How Do House Auctions Work In New Zealand

Most people have had little experience buying a house at auction. This overview of the process will help you go in prepared and covers planning, bidding, the auctioneer and post-auction negotiation.

It takes a bit of nerve to bid for a house at an auction so if you have never attended one before, it will help if you go to one so you know what to expect.

Also selling your current home? Be prepared by understanding how much it costs to sell your house, and what commission to expect depending on the value of your home.

Auctioneers create an exciting vibe and the tension can be palpable. In this high stakes situation it is important to stay grounded and be confident your decision making is spot on. Remember, the auctioneer is not working for you, but aiming to maximise the selling price.


If your bid turns out to be the winner, you will be immediately committed to the house purchase. It will be too late to seek legal advice, get the property inspected, valued, or sort finances. However, none of this need be a problem if you go into the auction prepared.

Before the auction, ideally you will have viewed the property. You should get a copy of the terms and Contract of Sale which the vendor's agent will give you. This covers which chattels will be included in the sale, the amount of deposit you need to pay if you win the auction, and the final date for full payment. Ensure these legally binding documents are checked by your lawyer.


Before auction day, it is wise to have had a building inspection carried out, preferably by a licensed building practitioner or even better, an accredited property inspector. Also before auction day, get a property valuation to establish accurately how much the house is worth. This also protects you from over-bidding at auction and can assist with getting a loan. Now is the time to get hold of the LIM report (Land Information Memorandum) from the council.

This Buying A House Checklist centralises vital information from multiple agencies, all geared to protect anyone buying a house. It also includes first home buyer information about Home Start Grants and Kiwi Build - well worth getting up to date.


Finally, it's auction day. The auctioneer will read out the terms and conditions of sale and advise of the reserve price if one has been set. They also have to tell prospective bidders if the seller intends to bid during the auction, and make it clear in the instance that it is a vendor bid. Vendor bidding is only allowed under strict circumstances, for instance when the property has a reserve price and when it has not yet been met.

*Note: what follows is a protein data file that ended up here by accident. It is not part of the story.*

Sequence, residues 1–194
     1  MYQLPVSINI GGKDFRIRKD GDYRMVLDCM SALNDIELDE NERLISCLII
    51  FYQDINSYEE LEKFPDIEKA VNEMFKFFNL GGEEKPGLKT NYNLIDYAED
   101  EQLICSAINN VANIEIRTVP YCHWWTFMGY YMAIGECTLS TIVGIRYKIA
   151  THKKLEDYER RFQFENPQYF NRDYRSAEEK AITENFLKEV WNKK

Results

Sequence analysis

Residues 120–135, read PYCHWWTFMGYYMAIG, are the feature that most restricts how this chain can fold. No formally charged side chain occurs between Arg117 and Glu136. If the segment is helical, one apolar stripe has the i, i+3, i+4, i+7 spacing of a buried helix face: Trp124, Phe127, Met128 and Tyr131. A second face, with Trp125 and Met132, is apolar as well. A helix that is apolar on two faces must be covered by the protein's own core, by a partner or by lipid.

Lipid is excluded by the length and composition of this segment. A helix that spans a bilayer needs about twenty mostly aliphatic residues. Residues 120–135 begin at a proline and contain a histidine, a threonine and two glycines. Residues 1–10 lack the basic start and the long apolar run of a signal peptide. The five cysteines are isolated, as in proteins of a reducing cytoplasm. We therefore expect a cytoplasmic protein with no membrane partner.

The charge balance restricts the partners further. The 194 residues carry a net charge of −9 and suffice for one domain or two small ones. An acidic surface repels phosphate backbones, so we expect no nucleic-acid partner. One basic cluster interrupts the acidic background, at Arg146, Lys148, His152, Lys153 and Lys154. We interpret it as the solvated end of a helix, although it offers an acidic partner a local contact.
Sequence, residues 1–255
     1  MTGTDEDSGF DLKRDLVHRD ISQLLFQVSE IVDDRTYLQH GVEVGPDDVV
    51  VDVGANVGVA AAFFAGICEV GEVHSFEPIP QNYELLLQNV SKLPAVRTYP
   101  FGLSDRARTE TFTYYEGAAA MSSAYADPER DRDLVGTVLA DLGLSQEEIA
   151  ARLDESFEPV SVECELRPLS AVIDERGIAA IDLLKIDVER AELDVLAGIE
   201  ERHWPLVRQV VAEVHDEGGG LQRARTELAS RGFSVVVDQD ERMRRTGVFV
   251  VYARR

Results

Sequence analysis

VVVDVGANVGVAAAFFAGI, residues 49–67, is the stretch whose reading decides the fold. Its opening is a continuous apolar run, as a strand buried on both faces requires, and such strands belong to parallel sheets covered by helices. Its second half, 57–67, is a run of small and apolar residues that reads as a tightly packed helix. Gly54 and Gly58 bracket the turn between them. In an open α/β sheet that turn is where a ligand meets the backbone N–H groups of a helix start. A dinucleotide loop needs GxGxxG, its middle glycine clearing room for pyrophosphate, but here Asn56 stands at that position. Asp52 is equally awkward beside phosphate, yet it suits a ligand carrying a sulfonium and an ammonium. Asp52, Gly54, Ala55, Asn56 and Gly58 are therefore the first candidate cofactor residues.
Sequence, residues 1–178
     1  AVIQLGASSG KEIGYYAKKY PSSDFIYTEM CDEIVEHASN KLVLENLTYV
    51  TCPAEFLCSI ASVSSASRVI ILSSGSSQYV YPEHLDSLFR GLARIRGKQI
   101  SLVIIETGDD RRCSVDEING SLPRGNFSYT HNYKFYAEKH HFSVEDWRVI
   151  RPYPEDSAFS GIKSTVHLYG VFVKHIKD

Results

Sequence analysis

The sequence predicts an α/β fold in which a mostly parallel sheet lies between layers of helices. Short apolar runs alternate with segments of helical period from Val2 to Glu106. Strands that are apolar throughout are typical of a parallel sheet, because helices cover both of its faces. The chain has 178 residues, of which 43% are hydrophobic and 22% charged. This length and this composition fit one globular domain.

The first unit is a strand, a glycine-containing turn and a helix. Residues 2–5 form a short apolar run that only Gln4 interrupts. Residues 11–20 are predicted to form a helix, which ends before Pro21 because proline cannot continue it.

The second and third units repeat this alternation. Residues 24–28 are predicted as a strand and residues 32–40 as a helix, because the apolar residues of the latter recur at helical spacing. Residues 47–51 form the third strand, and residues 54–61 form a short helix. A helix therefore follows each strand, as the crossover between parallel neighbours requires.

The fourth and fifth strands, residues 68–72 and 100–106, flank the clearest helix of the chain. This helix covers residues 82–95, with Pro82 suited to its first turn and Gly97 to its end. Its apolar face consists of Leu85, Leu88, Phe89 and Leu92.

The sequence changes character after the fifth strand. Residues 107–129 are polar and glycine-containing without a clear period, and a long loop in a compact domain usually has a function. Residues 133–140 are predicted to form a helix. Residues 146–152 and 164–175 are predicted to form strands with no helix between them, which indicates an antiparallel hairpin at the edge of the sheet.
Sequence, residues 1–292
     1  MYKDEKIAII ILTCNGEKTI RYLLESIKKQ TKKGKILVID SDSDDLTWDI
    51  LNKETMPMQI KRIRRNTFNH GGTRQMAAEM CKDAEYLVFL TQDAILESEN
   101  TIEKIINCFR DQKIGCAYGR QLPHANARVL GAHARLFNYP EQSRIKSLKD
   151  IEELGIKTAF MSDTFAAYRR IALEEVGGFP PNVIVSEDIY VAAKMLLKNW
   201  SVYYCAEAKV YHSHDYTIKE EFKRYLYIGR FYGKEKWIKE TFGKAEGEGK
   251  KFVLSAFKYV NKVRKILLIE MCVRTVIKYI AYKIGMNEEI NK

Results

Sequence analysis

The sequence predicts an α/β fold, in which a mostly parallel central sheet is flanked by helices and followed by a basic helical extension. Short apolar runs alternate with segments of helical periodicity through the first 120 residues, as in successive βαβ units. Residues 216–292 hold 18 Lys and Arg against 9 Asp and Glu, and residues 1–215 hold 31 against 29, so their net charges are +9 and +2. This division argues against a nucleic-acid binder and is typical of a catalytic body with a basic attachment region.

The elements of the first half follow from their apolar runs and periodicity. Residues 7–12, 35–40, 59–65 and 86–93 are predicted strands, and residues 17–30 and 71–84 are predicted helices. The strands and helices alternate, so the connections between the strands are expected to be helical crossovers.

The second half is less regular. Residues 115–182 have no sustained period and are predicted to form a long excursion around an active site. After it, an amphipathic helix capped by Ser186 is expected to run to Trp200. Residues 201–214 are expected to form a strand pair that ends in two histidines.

Besides using vendor bids to help reach the reserve, auctioneers and real estate agents can also use them to kick off bidding. They may also use pre-auction offers to get the auction started. The auction continues until there is one bidder left, and provided the reserve price has been passed, that bidder will be the auction winner. If the reserve isn't met, the seller can abandon the auction sales process.


The highest bidder may still have a chance to buy the house through post auction negotiation with the vendor through the real estate agent. However, at this point, the original terms and conditions are null and void, and new ones can be negotiated.

Auctions are exciting and heady, but the whole process will be easier to manage if due diligence and good preparation is done in advance.

Do House Auctions Work


In some locations (and for some companies) there is a strong push towards auctioning houses while others rarely auction.

We have seen some extraordinary prices achieved in some locations but this doesn't always happen. The location, the property type, economic climate, value or the real estate market are all factors that may impact on your decision whether to auction or not. You may just not have the nerve and there are other options available. Real estate agents are obliged to explain the different sales options to you.

Before you decide which method of sale to use, you should have received a copy of the appraisal for your property, also known as the Comparative Market Analysis (CMA).

Selling before Buying? Get free advice from NZ's independent real estate advisor first.

Article updated August 27 2020

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